This section needs expansion. You can help by adding to it. (December 2013)
SR 326 begins at an intersection with US 441 Bus./SR 98 (Broad Street) in downtown Commerce, in Jackson County. At this point, it is known as Central Avenue, which continues past the western terminus of the state highway. SR 326 travels northeast for one block and intersects State Street. It turns right onto State Street and passes the Commerce Civic Center, before curving back to the northeast. The highway intersects US 441/SR 15 (Veterans Memorial Parkway) shortly before leaving the city limits of Commerce. At this intersection, the highway becomes known as Old Carnesville Road. During a brief eastward bend, it enters Banks County. Then, it curves again to the northeast. At an intersection with the southeastern terminus of Brown Bridge Road and the southwestern terminus of Duncan Road, SR 326 turns to the right, continuing to follow Old Carnesville Road. It curves to the east-northeast and then to the north-northeast and intersects the southeastern terminus of the aforementioned Duncan Road just before beginning to travel along the Banks–Franklin county line. At the county line, the "Old Carnesville Road" name ends. It curves to the north-northwest and crosses over the Hudson River, where the highway enters Franklin County proper. The highway makes a very gradual curve to the northeast and curve to the north, where it intersects the eastern terminus of Bold Springs Road (which used to be part of SR 164) and the southern terminus of Bold Springs Church Road. At this intersection, SR 326 turns right onto Bold Springs Road for just over 2,000 feet (610 m). There, it diverges from that road and curve to the northeast and crosses over Carlan and Nails Creeks. After bending to the east-northeast, it intersects SR 51 (Sandy Cross Road). Just over 4,000 feet (1,200 m) later, it meets its eastern terminus, an intersection with SR 106 (Athens Road) south-southwest of Carnesville.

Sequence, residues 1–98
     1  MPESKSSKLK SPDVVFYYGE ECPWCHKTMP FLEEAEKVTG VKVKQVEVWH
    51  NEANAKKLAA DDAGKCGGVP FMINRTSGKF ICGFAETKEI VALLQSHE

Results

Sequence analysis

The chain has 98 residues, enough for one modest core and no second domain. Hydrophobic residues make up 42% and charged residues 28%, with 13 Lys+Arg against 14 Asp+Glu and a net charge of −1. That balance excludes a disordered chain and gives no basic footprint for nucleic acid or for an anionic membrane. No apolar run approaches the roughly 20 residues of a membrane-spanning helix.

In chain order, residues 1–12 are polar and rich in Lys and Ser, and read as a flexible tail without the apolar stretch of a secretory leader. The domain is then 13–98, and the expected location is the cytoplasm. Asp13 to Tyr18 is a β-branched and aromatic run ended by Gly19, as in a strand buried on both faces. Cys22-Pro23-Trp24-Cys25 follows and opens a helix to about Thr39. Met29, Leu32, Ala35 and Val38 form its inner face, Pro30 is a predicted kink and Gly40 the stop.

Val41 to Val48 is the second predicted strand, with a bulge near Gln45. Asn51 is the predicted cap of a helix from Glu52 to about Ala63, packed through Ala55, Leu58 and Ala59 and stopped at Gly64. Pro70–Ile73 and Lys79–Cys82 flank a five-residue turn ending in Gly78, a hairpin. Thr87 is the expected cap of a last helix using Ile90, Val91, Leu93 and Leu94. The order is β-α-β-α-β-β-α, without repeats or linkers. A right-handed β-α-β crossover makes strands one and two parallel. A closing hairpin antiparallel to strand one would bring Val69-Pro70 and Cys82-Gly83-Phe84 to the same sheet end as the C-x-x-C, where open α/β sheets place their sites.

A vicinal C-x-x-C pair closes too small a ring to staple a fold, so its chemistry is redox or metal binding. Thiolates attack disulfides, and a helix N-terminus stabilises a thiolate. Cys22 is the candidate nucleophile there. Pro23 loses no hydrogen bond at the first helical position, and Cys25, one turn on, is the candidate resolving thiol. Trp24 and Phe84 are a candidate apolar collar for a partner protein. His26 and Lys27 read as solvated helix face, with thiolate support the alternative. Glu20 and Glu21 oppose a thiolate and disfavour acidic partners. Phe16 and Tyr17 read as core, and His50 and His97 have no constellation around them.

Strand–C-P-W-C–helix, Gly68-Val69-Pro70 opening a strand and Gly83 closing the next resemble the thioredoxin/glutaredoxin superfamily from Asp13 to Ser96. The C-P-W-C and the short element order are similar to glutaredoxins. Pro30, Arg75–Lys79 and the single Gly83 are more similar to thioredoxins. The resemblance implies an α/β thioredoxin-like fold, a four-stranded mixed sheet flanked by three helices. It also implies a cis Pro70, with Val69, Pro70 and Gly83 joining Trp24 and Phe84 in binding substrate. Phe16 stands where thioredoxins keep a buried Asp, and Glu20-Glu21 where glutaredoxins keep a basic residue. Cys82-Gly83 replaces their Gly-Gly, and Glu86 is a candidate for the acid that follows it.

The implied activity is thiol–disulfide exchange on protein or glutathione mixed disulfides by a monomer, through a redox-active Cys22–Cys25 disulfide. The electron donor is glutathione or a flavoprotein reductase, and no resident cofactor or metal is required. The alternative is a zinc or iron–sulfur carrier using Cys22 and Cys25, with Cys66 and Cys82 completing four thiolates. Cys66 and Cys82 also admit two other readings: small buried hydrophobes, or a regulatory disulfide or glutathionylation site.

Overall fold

SR 326 is not part of the National Highway System, a system of roadways important to the nation's economy, defense, and mobility.